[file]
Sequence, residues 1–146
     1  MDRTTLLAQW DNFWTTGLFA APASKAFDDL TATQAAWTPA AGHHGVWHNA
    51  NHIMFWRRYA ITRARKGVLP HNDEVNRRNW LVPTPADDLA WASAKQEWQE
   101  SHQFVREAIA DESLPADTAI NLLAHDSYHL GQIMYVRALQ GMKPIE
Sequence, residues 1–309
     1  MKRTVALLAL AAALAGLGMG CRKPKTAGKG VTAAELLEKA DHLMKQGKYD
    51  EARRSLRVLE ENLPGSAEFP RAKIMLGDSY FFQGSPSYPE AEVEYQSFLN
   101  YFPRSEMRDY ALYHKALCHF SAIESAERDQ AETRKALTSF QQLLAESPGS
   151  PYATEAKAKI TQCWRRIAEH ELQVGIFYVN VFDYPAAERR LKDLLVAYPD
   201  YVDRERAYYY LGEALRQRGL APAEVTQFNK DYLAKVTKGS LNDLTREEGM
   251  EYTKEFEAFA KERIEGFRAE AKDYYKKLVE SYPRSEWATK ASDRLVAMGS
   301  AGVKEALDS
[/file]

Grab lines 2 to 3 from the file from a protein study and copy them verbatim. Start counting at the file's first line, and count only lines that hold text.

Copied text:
     1  MDRTTLLAQW DNFWTTGLFA APASKAFDDL TATQAAWTPA AGHHGVWHNA
    51  NHIMFWRRYA ITRARKGVLP HNDEVNRRNW LVPTPADDLA WASAKQEWQE